-The Florida Center for Child and Family Development’s Early Intervention Services provided by The Florida Center employ a comprehensive, family-centered team approach to support the development of infants, toddlers, and young children. Helping children achieve their highest potential requires time, patience, sensitivity and resources.
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A child’s social-emotional skills drive her to learn to communicate, connect with others, resolve conflict, and cope with challenges. They give her the confidence she needs to reach goals, and the ability to persist in the face of difficulty. Like other important milestones babies and toddlers achieve in the first three years—such as walking and talking—developing social-emotional skills takes times, practice, and lots of patience from parents and caregivers. Unlike learning to walk and talk, however, social-emotional skills are not as easy to see. But when we learn to read our child’s cues in order to understand what she may be thinking and feeling, we are supporting her healthy development in all areas, including her social-emotional skills. Learning about healthy social-emotional development, spending unhurried time with your child, and providing opportunities to socialize with others, will all help build your child’s social-emotional skills and prepare them for success. The following resources help you learn what you can do to support social-emotional development in your child.
- Becoming a Big Brother or Sister - Becoming a big brother or big sister is a big event in a small person's life. To help make this transition as smooth as possible for child and family, Sarasota Memorial Hospital (SMH) offers children who are "expecting" a new brother/sister. To learn click on the SMH link above.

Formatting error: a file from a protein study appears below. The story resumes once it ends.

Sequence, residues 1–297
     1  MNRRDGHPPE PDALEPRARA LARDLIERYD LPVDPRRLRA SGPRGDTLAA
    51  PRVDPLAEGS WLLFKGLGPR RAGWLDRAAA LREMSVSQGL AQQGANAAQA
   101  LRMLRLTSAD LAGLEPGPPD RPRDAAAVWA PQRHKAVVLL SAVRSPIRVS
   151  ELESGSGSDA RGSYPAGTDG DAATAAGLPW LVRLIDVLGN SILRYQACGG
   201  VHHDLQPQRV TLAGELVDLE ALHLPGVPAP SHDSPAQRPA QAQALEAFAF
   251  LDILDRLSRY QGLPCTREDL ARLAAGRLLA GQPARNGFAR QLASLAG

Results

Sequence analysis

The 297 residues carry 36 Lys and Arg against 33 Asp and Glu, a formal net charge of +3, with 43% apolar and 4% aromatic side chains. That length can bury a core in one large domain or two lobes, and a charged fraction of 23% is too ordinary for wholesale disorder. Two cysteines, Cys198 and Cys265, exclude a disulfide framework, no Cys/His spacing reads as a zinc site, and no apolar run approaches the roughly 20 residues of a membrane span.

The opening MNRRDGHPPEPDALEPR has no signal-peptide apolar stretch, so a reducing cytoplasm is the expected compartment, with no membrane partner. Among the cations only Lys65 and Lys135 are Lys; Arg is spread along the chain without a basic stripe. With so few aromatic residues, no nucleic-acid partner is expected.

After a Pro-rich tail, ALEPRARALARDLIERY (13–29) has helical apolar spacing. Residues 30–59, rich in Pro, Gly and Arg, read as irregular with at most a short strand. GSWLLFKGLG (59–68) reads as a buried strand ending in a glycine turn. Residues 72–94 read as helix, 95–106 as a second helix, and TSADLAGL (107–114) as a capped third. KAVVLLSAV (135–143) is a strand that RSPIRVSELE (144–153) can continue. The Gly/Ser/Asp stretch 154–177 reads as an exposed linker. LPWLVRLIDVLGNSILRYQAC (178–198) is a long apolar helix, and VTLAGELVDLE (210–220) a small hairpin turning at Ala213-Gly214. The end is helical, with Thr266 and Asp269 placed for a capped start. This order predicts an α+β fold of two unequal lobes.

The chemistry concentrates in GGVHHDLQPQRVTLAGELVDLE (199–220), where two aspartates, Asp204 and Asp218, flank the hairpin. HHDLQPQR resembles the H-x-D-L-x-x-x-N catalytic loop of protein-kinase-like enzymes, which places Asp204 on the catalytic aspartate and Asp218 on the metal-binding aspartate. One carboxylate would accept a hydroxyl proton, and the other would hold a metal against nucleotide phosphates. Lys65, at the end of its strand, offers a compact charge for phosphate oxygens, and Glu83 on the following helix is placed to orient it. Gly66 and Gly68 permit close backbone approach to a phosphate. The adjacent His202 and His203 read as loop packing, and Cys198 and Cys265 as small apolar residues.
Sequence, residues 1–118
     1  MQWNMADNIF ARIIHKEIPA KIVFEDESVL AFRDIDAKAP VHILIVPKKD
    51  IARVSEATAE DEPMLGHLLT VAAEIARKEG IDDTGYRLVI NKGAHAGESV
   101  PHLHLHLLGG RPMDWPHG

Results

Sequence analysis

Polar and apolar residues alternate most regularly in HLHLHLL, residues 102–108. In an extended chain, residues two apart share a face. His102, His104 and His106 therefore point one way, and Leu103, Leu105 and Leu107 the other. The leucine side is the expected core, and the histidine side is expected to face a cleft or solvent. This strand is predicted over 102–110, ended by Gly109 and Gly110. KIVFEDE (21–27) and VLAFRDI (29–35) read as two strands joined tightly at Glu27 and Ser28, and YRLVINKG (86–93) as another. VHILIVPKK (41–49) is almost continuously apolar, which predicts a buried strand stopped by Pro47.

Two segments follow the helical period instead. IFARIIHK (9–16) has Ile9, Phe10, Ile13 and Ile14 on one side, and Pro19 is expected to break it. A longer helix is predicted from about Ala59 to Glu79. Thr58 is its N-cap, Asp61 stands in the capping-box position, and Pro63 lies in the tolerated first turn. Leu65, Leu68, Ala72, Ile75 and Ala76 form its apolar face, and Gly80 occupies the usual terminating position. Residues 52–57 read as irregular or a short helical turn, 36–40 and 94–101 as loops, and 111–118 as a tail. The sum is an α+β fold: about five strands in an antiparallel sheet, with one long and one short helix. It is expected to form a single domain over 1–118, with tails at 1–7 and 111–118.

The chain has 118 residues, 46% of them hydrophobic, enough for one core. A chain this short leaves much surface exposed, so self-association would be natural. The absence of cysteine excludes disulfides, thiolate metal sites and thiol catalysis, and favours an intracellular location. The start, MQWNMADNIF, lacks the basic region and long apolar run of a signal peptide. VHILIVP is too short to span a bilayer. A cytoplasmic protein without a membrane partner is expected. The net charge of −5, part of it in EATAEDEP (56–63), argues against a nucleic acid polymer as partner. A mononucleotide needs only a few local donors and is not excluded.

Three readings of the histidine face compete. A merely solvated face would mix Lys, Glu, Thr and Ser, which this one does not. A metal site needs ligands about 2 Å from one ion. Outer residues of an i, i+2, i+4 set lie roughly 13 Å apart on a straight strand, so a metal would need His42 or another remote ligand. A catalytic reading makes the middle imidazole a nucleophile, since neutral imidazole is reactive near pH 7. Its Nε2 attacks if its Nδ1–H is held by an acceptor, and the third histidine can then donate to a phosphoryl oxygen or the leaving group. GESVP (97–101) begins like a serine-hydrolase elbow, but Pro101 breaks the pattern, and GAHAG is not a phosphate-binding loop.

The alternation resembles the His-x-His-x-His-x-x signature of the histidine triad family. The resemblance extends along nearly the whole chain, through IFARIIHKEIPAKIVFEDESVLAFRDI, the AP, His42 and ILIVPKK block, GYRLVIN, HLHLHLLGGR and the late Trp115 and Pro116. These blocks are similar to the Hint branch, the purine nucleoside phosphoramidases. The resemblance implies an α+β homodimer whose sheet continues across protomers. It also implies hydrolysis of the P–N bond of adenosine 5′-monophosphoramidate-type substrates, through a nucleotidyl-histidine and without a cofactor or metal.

- Developing Your Child Through Play - When your children play with you, they are also learning - that they are loved and important and that they are fun to be around. These social-emotional skills give them the self-esteem and self-confidence they need to continue building loving and supportive relationships all their lives. To learn more visit Zero to Three
- Parent/Child Socialization Play Groups - Sarasota County Library offers a variety of programs for parents/caregivers and their children, from story time to play groups.
-Partners in Play by Forty Carrots is a class held at the library that follows an engaging curriculum that allows parents to share meaningful playtime with their children.
-First Presbyterian Preschool presents Small Beginning classes that introduce babies and toddlers (up to 30 months) to a pre-school atmosphere with the comfort of mommy, daddy or caretaker present.
-The Gan School offers a Mommy & Me program for parents and their toddlers that is designed to enhance your child's social, emotional, and intellectual development. - Sarasota Memorial Hospital's Mommies and Babies Get Together program brings moms, with their babies, together weekly to share joys, frustrations, tips and companionship.
- Tips and Tools on Promoting Social Emotional Health - Zero to Three is a great resource for promoting your child's social emotional development.
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Choosing your child’s primary health care provider is an important decision. A trusting relationship between a child, a child’s family and the pediatric health care provider is a valuable support in keeping your child healthy. Ensure that your doctor is up-to-date on the latest medical advances and supports your health choices. Check out the Keeping Children Healthy and Active
section for more information.